Marriage and family therapy is built on a foundation of systems theory which, when applied to life’s problems, paves a path to wellness without stigmatization. MFTs are specifically trained to view problems in the context of our primary relationships – partners, parents, children, for example, as well as our secondary and tertiary relationships. This might include our relationships with co-workers or the community we live in. MFTs use a wide lens designed to capture the bigger system that makes up a client’s experience. When an individual, a couple or a family is dealing with a difficult situation, working with an MFT is an excellent choice. He or she will acutely assess your situation and provide treatment tailored to the unique problem or problems you face. Here are some of the things that MFTs want you to know…
As a Marriage and Family Therapist (MFT), I would like others to know how my training sets me apart from other mental health professionals. I believe that if clients understood this better they would be more capable of making an informed decision about what type of approach would benefit them. Just because someone says they have expertise in relationships, doesn't mean that they do. Heather Holmgren, MFT, Salt Lake City, UT
Therapy is a place where struggle is honored and we, as MFTs, acknowledge the many barriers to seeking help. Whether you are seeking help for the first time or have been in therapy before, you have agency over your care. Don't hesitate to ask your provider questions about the process and don't wait to reach out. Therapists are there to help you and your loved ones in a way that you see as beneficial. Whether individually, as a couple, or with your family, there are many MFTs trained to help get you back to living a happy and healthy life. Eugene Hall, LAMFT, Minneapolis, MN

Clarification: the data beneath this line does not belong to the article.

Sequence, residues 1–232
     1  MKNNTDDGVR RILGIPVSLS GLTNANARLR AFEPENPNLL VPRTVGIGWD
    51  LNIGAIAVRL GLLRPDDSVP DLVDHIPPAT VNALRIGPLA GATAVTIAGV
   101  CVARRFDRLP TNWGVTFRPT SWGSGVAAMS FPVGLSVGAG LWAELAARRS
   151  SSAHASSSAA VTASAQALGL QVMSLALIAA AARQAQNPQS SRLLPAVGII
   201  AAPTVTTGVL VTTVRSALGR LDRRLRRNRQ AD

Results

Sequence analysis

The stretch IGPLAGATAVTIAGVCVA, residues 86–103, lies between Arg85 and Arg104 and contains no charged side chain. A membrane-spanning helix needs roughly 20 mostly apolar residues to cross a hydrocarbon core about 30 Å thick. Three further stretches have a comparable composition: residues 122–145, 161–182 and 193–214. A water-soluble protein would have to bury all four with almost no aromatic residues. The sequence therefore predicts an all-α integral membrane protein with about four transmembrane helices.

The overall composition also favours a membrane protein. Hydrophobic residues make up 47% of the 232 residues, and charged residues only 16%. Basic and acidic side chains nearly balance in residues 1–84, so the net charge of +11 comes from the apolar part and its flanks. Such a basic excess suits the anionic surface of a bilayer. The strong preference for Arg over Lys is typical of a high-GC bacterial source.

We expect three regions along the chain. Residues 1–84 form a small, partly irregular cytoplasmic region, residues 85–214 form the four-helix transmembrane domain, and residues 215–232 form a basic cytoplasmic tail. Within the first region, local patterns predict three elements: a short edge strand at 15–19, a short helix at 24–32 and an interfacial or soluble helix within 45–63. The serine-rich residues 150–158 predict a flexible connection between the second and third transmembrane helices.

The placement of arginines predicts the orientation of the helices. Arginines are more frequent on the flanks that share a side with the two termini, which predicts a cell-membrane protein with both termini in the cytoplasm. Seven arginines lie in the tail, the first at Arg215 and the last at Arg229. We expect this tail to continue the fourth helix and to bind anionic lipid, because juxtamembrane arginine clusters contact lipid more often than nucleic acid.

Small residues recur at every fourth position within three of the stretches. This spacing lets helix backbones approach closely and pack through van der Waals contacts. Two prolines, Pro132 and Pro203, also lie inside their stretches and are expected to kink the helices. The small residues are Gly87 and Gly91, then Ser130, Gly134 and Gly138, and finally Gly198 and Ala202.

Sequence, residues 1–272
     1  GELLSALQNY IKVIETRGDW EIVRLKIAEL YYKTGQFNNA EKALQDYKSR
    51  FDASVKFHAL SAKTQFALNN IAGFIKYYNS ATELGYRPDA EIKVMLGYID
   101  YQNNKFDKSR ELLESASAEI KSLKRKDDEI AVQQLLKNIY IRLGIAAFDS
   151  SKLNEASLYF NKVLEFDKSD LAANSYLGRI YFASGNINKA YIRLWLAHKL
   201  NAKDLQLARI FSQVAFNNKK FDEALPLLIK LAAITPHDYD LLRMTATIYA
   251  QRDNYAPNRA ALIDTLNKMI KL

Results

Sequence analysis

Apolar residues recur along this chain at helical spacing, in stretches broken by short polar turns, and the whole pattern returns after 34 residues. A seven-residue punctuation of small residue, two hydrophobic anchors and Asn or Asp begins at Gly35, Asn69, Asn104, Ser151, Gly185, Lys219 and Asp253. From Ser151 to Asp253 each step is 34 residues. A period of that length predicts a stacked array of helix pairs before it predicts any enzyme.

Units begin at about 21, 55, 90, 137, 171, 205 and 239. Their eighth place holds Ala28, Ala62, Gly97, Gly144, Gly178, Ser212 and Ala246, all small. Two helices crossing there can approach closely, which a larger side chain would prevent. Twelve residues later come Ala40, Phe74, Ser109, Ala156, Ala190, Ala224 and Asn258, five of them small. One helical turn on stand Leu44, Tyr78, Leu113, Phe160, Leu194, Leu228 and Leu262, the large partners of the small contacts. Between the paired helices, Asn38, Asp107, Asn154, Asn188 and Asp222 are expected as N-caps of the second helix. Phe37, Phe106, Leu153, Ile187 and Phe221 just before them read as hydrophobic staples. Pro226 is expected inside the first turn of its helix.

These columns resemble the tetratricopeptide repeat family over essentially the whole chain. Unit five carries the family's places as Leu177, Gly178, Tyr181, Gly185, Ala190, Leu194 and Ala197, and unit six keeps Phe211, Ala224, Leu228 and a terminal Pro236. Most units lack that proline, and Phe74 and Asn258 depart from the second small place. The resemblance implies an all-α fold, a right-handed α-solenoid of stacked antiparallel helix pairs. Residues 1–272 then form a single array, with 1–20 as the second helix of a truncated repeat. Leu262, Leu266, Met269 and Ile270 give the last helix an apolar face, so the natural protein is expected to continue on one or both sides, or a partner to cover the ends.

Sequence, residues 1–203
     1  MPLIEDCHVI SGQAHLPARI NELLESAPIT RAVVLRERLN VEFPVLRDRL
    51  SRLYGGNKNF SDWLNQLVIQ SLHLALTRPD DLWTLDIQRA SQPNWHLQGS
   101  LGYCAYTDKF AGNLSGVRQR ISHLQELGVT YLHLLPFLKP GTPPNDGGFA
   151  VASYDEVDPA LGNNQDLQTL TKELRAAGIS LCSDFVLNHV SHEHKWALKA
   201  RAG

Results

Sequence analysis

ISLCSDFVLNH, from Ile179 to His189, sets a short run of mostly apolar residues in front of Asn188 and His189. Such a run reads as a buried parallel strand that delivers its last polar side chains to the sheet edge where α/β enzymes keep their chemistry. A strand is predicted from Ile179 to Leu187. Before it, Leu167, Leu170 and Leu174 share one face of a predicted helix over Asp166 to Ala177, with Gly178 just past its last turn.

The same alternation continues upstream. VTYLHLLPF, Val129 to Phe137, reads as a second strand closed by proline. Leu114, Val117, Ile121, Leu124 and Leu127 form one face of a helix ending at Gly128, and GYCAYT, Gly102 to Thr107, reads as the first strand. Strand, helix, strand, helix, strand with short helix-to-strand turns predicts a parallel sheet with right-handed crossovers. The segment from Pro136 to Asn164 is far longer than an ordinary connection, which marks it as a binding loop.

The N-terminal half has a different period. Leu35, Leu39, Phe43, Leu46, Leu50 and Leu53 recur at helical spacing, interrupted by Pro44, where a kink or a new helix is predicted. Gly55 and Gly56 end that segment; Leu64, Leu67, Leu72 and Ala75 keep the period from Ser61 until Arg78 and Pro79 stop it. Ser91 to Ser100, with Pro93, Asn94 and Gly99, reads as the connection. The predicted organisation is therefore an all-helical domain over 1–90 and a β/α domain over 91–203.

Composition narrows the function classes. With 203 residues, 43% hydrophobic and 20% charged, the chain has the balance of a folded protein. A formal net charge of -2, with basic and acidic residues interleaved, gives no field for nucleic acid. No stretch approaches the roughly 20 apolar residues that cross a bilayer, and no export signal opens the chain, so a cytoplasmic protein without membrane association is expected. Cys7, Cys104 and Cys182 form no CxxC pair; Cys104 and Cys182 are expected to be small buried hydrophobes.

The number of people present in a session does not define what a family therapist is. In fact, helping even one member within the family unit in counseling while the remaining family members do not attend, is a service that is well within the wheelhouse of family therapy. Karen Ruskin, PsyD, LMFT, Sharon, MA
Sometimes things will get worse before they get better. During the first session, couples spend a lot of time going over the various issues they have struggled with over the years—essentially stirring the pot. After this session, it is common for couples to have some painful feelings as a result of talking through these old hurts. Some couples even have a few fights during that first week. This does not mean therapy is a failure. It just means you are dealing with the emotions surrounding those hurts. Keep going. It gets better. Angela Skurtu, M.Ed. LMFT, St. Louis, MO
We are working on our own issues. MFTs often come into the field due to our own recovery journeys. I myself became interested after dealing with the fallout of my parents’ divorce and learning how to make my own progress, I wanted to support others facing the same hardship. That doesn’t mean we are looking for our own therapy in the room with you, but often we are doing our own therapy, getting guidance from a supervisor, or doing personal work to address our health. John Stinebaugh, LMFT, Fort Morgan, CO
If you know that it is time to seek therapy, we can help. Marriage and family therapists (MFTs) are trained in psychotherapy and family systems, and licensed to diagnose and treat mental and emotional disorders within the context of marriage, couples and family systems. The unique feature you will find during treatment with an MFT is the therapist will focus on understanding your symptoms and diagnoses within interactions and relationships. The existing environment and context is given careful examination paying particular attention to the family system – as defined by you. MFTs treat predominantly individuals but always from the perspective that “relationships matter.” Find a therapist here.
The American Association for Marriage and Family Therapy represents over 50,000 marriage and family therapists worldwide.